This kind of ecotourism is on the rise, according to Sändra Washington, retired associate regional director for the National Park Service and a Prairie Corridor Cabinet leader.

“When people visit places, they want to connect in real ways – not just with local businesses and local food, but also local natural places,” Washington said. “The Prairie Corridor project gives us a chance to invite people to connect with what is special here, and that’s the prairie.”

For the business community, the Corridor will be a feature unique to Lincoln.

“We are competing against Minneapolis, Denver, Kansas City and other cities. These types of amenities are really helpful when recruiters are talking to people about what you can do in Lincoln,” said Pinnacle Bank Vice President Doug Ganz, a Prairie Corridor Cabinet member and co-chair of the fundraising committee.

Conservation and habitat restoration

Key natural resources within the Corridor include virgin prairie remnants, freshwater and saline wetlands, and riparian areas along the stream. Work in the Corridor will focus on preserving and enhancing these resources. Initially, researchers hope to develop a better understanding of how composition, size and shape of various tallgrass areas contribute to diversity, resiliency and species richness, and improve the understanding of habitat needs for pollinator species.

“Connecting pieces of habitat together makes places like the Prairie Corridor more resilient, makes them bigger and allows for movement of animals, grassland birds, insects and pollinators,” Forsberg said. “Natural landscapes can’t be hemmed in. They have to be able to breathe – and people need that too.”

The Prairie Corridor Trail

Studies show that connecting to the outdoors makes people healthier.

“That’s what I love about these corridors that lead us from the heart of the city to the country,” Forsberg said. “It’s not just a space that’s protecting habitat. It’s a space that helps us reconnect with ourselves too.”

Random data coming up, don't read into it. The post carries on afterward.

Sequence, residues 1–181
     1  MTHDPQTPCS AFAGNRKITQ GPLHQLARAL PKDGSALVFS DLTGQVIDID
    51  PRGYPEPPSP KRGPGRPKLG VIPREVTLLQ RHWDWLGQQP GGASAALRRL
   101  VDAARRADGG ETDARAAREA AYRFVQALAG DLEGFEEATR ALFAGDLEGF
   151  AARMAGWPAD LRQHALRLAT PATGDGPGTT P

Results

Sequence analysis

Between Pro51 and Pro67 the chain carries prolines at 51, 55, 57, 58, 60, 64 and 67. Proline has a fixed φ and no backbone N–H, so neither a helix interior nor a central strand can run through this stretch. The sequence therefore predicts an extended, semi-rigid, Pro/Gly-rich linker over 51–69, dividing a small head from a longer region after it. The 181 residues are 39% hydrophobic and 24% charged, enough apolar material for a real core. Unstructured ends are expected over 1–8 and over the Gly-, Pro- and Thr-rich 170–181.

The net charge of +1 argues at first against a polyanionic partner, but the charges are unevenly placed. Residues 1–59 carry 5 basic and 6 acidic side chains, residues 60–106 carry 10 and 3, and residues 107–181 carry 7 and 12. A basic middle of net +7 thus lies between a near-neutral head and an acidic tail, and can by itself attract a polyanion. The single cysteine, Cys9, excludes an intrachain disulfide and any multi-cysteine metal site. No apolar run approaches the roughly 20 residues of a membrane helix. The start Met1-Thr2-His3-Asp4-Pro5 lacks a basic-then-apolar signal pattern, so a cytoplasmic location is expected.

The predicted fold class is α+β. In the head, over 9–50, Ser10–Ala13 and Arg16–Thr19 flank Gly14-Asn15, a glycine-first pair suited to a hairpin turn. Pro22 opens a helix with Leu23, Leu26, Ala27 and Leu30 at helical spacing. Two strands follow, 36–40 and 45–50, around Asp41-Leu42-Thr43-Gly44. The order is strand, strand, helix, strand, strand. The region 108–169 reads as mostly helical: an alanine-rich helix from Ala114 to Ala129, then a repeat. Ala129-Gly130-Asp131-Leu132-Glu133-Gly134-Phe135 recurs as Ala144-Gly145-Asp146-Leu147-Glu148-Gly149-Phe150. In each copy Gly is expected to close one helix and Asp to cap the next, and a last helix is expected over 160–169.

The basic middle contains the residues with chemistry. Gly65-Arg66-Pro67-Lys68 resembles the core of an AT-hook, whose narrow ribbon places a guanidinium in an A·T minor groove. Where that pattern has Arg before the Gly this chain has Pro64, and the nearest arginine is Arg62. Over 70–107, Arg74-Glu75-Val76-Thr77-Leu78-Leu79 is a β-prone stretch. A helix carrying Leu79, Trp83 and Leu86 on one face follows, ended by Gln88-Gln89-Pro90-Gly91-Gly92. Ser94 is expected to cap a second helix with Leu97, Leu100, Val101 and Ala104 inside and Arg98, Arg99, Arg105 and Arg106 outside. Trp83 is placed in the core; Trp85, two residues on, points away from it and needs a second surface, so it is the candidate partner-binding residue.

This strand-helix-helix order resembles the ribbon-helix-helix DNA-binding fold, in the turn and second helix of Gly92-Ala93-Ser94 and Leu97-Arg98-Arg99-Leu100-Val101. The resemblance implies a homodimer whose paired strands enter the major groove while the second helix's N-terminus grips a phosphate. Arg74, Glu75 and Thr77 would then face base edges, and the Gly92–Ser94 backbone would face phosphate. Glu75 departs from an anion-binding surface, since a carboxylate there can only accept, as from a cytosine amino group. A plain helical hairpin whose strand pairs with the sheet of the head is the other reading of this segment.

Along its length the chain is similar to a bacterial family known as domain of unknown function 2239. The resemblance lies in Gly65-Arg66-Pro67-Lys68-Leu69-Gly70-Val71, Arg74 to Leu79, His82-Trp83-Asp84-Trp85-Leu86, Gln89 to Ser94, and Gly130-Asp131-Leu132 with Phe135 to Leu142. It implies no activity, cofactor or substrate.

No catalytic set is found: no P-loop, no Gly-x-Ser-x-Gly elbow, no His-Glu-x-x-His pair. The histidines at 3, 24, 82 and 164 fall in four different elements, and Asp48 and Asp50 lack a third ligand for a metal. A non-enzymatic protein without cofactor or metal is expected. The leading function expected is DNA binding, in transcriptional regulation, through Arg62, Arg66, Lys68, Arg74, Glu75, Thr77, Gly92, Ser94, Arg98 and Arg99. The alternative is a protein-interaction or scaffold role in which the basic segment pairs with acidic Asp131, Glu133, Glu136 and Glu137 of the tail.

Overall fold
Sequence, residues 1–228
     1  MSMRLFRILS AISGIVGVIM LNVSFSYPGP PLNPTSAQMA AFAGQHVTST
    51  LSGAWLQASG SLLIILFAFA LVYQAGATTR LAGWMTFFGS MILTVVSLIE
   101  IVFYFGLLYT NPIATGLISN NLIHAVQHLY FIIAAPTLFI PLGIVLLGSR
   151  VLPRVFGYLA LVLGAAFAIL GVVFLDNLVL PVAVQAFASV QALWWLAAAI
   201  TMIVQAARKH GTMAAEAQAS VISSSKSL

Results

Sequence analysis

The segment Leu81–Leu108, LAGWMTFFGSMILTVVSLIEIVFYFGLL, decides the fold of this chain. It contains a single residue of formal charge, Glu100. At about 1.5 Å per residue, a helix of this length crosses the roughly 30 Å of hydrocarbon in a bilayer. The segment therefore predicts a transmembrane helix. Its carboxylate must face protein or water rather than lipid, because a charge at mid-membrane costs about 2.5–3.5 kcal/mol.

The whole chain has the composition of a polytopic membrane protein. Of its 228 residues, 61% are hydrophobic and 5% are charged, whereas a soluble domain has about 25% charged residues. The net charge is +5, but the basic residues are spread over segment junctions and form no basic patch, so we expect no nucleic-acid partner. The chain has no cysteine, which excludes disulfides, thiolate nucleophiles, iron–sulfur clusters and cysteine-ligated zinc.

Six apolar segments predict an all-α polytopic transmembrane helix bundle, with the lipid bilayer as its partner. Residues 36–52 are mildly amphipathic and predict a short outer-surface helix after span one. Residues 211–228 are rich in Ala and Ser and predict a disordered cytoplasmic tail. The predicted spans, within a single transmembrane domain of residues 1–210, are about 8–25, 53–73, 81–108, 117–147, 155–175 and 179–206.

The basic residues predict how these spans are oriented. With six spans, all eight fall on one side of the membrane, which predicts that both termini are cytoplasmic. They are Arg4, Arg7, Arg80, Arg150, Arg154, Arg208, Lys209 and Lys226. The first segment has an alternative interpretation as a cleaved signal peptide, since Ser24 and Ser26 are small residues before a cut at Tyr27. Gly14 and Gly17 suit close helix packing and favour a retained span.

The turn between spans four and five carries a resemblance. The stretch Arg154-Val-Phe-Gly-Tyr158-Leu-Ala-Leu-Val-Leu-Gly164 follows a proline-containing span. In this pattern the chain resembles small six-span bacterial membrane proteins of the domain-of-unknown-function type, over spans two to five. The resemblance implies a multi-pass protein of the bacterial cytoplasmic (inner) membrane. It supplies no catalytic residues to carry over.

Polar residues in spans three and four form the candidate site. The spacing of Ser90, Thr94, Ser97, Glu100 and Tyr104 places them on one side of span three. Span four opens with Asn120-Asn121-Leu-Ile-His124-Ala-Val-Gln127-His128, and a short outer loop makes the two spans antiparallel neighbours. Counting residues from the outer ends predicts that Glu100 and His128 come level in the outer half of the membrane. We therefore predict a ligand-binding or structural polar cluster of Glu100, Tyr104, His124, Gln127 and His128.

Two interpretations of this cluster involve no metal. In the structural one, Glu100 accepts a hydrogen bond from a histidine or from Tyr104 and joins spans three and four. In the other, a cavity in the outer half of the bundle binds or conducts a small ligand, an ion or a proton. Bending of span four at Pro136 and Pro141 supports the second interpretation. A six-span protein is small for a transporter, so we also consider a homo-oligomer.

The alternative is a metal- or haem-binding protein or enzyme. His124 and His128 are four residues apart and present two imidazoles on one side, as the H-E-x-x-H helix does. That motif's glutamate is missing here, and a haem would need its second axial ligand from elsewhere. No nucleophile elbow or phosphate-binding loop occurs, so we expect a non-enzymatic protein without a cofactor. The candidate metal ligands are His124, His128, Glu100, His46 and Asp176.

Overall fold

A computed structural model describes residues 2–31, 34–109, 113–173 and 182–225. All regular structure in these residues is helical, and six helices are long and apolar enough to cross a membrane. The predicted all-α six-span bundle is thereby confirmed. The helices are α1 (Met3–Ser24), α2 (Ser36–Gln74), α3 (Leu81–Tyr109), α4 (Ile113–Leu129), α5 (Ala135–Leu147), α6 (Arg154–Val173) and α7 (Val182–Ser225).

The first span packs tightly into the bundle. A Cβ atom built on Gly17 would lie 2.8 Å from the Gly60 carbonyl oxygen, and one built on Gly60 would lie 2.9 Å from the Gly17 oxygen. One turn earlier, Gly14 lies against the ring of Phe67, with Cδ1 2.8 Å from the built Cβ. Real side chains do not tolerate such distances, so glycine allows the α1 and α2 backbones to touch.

Approximately 3 miles of the 14.5-mile Prairie Corridor Trail are completed, and as land is preserved, additional trail segments will be constructed. The trail will connect to the city’s 134-mile trail network, the MoPac East Trail that runs 22 miles to Wabash, and the Homestead Trail that extends 78 miles to Marysville, Kansas. The Prairie Corridor team is partnering with the Great Plains Trails Network, which has strong fundraising success with donors who love and appreciate trails.

Trail network

The 14.5-mile Prairie Corridor Trail will connect to Lincoln's 134-mile trail network, the MoPac East Trail that runs 22 miles to Wabash, and the Homestead Trail that extends 78 miles to Marysville, Kansas. The Prairie Corridor team is partnering with the Great Plains Trails Network, which has strong fundraising success with donors who love and appreciate trails.

Project partners announced May 14 that they had secured $7 million, or nearly one-third of the $22 million goal for the Prairie Corridor. The total includes a recent grant from the Nebraska Environmental Trust (NET) of $900,000 and nearly $1.3 million in grants, matching funds and private donations raised since August.

Just as Mayor Brown saw the value of preserving a ribbon of greenspace through the community in the early 1900s, former Mayor Chris Beutler recognized the value of the Prairie Corridor.

“Our community has a long history of ambitious projects that have made a big difference for the quality of life in Lincoln, like Pioneers Park and Wilderness Park,” Beutler said. “The Prairie Corridor is our generation’s legacy project. Let’s protect and preserve this beautiful natural resource for our community and for future generations.”

To learn more about the Prairie Corridor, visit PrairieCorridor.org or contact Maggie Stuckey, Lincoln Parks Foundation, at 402-441-8258 or director@lincolnparks.org.

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L Magazine editor

Mark Schwaninger is L magazine and Neighborhood Extra editor.